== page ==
Grant - Tucked away in the mountains northwest of Colorado Springs is a rustic patch of land not dissimilar to many other areas in the state. Until you look closer.
At 9,200 feet, the beautiful stands of aspen and Ponderosa pine aren't surprising. Neither are the fishing pond and the abundant wildlife.
What sets this wilderness area apart is the mile-long boardwalk that runs through it, bringing an experience so often taken for granted to a segment of the population that typically is limited when it comes to the outdoors.
Wilderness on Wheels, a nonprofit propped up by a host of volunteers, offers a unique setting for those with disabilities to enjoy nature.
"For so many years, there was just no availability for people in wheelchairs or scooters to have any kind of mountain adventures," WOW manager Barb Cramer said.
In 1986, that changed. And three decades later, the one-of-a-kind adventure continues at the base of Kenosha Pass. Thirteen campsites, five huts and two cabins sit on the property - and all are wheelchair-accessible.
"People with disabilities can have the same possibilities as able-bodied people," Cramer said.
Cramer, her husband, Bill, and Becky Harrison, an on-site volunteer, live full time in a cabin on the land during the camping season. Others show up throughout the summer.
"We have three of us who live up here, but we rely on volunteers to trim our bushes and trees, mow the lawns and take care of our trash," Cramer said. "We could not make it without volunteers."
Volunteers come from all walks of life. Boy Scouts built many of the benches on the property. And a motorcycle gang pitched in one weekend by cutting branches.
Harrison started volunteering at WOW two years ago and serves as a handyman of sorts, making sure the campsites have wood and carrying jugs of water to the one cabin without water, among other duties around the grounds.
"It's a summer vacation for me," Harrison said. "The rich people go to the Bahamas and Las Vegas and all that. Well, I get to come to the mountains. This may be a poor man's vacation, but it's the best vacation I've ever had."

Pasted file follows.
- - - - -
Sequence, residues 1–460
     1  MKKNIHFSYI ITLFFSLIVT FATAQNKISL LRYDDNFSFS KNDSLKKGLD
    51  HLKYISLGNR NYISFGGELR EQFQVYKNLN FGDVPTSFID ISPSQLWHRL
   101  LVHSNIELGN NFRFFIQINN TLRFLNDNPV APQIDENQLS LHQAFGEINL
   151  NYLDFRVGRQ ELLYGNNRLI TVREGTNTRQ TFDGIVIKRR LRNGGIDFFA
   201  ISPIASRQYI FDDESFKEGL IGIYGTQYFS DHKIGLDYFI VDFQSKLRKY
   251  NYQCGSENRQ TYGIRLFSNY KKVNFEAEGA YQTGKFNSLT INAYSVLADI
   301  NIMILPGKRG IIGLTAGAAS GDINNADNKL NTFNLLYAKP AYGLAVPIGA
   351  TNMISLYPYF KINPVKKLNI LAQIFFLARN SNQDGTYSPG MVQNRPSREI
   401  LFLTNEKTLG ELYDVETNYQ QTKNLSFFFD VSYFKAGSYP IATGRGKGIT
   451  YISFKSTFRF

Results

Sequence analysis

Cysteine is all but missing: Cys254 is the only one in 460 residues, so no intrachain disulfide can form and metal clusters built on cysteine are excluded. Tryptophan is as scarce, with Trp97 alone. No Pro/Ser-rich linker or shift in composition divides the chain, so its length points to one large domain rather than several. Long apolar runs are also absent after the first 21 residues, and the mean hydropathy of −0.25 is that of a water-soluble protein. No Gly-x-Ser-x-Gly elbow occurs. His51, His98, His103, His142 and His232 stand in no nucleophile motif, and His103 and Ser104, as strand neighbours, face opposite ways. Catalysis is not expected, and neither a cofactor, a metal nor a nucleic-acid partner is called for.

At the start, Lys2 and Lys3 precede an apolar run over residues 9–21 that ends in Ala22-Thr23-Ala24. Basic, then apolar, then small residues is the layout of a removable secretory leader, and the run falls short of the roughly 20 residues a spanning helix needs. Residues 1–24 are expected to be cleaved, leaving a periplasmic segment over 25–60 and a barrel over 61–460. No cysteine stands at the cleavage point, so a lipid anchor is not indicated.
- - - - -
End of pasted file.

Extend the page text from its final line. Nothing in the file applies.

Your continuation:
Cramer and Harrison both have personal reasons for volunteering. Cramer is a former Paralympian who had been visiting WOW for 10 years when the former manager retired and she and Bill took over. Harrison's sister also is disabled and is honored with a plaque along the boardwalk.
"Volunteering up here with the disabled really helps me get real with what life's all about," Harrison said.
Frequent visitors to WOW include residents of group homes, nursing homes and rehabilitation centers - many of whom visit for day trips that include hiking, picnics and sightseeing.
"We've been going there for as long as I can remember," said Melissa Patterson, a program director at Eagles Nest Group Center in Bailey, where some of the clients are in wheelchairs. "We all enjoy hiking, looking at all the flowers, the trees and just everything growing - the scenery itself. It's amazing to be a part of for some of these guys."
In addition to volunteers, WOW relies on donations to pay for maintenance and bills. It costs around $40,000 per year to keep WOW operational, according to Cramer.
"For the total 30 years, we've stayed open because of donations, sponsors and all the people that come up and use our facilities," Cramer said.
Campsites don't have a set fee, though any donation is accepted. The cabins' requested donations range from $50 to $65 per night, Harrison said.
"Some of our people can't afford to come up here for the day, but someone might give us extra donations so it off-sets each other," Cramer said.
Though anyone can visit WOW, priority for reservations is given to those who are disabled and their family and friends. Last year, more than 1,500 people visited between Memorial Day and Oct. 15.
Contact Kelsey Kendall: 636-0142